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Sunday, June 27, 2010

A Recipe Tribute • Memorial Service Idea

When I was a child, funerals were occasions solely dedicated to mourn the loss of a loved one. They were sad, everyone dressed in black there was a casket (opened or closed) and there were lots of handkerchiefs, tissues and tears.

Now, families are just as likely to choose a "memorial service." The most significant difference between a funeral and memorial is that at a memorial there is no casket or final disposition. Often a large photograph or montage of smaller photos are used as a display in place of a casket.

CLICK HERE to read how a recipe can become a sentimental, unique and unexpected living legacy.

I've noticed over the years that the tone of funerals and memorials has changed. Quite often both now incorporate the theme of "celebrating" the life of the person who just passed away. The last funeral I attended had plenty of tears but also a surprising amount of laughter.

In the spirit of celebrating a person's life I had an idea to do something unique and meaningful at the service of anyone who was a great cook or was well known for a particular recipe by sharing their recipes with the people who attend their funeral or memorial. CLICK HERE to view the details.


  1. Hi Stacie,

    Having just attended a memorial service for a friend who was involved in NASCAR racing, I can relate to your blog post. Les Richter was a fantastic individual who was not only full of life, but bigger-than-life.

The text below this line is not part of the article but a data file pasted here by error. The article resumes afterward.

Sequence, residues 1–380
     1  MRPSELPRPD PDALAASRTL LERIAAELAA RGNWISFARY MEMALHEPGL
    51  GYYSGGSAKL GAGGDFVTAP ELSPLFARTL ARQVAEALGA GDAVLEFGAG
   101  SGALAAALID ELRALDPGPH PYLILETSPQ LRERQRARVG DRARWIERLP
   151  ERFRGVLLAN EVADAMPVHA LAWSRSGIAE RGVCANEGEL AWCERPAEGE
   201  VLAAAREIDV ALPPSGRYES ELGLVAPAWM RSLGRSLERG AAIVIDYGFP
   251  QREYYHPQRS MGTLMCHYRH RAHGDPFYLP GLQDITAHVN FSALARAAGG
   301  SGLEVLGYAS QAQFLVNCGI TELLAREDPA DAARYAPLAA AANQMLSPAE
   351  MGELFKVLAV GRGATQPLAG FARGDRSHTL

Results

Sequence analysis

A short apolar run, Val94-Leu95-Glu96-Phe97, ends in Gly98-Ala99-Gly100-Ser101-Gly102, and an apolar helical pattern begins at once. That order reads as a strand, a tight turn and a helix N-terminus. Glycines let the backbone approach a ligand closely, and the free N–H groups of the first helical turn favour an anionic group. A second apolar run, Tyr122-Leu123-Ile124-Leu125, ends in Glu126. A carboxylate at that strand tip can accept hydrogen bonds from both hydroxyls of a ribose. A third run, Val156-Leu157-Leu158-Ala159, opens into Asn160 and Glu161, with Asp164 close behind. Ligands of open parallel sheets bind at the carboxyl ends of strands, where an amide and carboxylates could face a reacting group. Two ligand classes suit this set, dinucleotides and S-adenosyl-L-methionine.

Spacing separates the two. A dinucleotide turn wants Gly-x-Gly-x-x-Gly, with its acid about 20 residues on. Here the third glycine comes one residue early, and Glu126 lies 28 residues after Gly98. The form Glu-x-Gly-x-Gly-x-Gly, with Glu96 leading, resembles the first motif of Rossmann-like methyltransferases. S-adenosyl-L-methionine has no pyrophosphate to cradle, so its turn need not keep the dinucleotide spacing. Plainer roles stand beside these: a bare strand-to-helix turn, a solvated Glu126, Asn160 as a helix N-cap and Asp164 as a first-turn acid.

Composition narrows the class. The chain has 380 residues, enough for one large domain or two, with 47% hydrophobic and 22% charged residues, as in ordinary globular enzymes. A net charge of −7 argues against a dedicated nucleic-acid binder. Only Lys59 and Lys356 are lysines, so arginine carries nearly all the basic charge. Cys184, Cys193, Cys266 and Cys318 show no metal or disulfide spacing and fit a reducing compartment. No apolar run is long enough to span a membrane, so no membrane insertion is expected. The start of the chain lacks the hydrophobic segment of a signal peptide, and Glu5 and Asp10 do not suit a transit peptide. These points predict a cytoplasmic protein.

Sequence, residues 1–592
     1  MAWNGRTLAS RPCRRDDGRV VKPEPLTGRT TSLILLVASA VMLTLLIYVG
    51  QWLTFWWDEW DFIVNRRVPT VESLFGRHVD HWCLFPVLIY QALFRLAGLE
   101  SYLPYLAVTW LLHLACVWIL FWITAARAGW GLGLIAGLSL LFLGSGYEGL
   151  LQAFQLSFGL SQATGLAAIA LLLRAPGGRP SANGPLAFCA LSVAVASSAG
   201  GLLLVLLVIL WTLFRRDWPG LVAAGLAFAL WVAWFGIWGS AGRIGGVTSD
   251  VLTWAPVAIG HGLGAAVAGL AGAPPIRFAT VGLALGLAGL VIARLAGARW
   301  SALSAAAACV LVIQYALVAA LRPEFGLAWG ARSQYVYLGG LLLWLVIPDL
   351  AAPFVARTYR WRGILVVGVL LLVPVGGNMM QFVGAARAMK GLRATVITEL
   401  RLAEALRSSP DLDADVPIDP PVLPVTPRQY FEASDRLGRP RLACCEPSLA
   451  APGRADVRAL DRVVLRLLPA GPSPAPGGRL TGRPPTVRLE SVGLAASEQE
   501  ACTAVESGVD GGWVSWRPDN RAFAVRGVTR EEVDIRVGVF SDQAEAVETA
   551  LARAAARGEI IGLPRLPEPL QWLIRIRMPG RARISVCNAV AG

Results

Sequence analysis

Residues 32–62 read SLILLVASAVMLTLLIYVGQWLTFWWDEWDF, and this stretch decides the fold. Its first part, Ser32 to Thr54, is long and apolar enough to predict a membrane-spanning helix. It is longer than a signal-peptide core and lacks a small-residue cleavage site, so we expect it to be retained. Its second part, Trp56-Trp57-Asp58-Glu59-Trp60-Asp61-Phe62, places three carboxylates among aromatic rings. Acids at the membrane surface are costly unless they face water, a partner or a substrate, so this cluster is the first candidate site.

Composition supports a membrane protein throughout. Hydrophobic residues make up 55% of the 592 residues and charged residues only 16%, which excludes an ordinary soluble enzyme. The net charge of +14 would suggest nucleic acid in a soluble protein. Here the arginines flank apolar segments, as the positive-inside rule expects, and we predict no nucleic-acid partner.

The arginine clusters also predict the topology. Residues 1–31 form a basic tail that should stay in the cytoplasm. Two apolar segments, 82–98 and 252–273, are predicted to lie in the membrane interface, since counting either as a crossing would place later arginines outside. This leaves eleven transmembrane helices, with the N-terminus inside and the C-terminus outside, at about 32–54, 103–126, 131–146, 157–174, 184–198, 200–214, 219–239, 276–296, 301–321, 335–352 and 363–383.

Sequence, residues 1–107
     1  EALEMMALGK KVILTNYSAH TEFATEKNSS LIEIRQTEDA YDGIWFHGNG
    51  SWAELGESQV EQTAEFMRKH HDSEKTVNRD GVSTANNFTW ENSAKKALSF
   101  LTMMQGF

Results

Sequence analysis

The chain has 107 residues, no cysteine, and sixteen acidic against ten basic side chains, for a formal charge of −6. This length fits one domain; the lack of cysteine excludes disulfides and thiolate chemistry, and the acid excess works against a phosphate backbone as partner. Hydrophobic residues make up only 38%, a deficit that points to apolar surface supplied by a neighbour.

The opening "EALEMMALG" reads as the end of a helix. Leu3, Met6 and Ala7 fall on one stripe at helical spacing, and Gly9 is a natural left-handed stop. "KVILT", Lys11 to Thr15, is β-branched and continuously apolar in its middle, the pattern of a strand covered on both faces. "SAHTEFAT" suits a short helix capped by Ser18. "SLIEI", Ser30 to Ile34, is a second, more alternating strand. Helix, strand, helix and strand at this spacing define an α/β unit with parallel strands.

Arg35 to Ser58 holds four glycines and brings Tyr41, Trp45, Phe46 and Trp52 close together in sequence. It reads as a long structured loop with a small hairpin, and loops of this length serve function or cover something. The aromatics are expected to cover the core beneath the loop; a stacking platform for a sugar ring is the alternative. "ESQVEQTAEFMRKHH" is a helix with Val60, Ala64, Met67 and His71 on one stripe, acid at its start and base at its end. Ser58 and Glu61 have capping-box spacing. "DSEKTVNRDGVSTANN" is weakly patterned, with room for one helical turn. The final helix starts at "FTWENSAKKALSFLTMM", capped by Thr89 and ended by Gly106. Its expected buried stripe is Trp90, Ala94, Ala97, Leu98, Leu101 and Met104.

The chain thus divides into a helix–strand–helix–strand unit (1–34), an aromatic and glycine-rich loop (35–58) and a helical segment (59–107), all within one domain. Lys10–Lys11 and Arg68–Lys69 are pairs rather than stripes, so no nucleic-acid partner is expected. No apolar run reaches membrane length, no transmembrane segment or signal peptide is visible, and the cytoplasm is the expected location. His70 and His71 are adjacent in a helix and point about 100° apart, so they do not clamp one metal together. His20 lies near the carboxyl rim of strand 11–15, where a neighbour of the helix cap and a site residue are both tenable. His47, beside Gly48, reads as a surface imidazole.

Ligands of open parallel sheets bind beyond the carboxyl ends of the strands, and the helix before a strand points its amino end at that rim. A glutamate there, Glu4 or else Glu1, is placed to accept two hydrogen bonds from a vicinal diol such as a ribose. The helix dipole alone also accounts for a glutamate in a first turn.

It came as a very pleasant surprise, when at the end of the pastor's sermon, he quoted a passage from the bible, 2 Timothy, "I have fought the good fight, I have finished the race, I have kept the faith" and then waved a checkered flag.

    It was perfect. Through tears, we all laughed...and agreed.

  2. Hi Mark, I am so sorry for the loss of your friend Les. Thank you for sharing this story. It's a wonderful example of personalizing a memorial in a sharing, fun and respectful way.

  3. Hi Stacie,

    Thanks for this wonderful post! A Recipe Tribute -- I'd never heard of this idea, but of course, it makes perfect sense!

    I don't know much about how people used to conduct memorial services, but these days they always seem to include some poignant touch to recall pleasant memories of the departed.

    In my experience, I've often brought music to these affairs, and I've noticed people include other sounds, aromas, colors, images, favorite foods -- the list of "touches" is as long as our personalities are unique.

    Back in the 1970s and 1980s, when I spent so much time visiting the old-time musicians in New Orleans, I had many opportunities to attend, and occasionally join a brass band in, their "jazz" memorial services. Not having grown up in that social scene, I can only guess at what it all signified to the participants, and I'd probably be only partly correct, and mostly wrong.

    But I liked to think all that joy and sadness combined to exactly what you described -- bringing "the memory of a person back to life in a way that words or pictures on a page can't.


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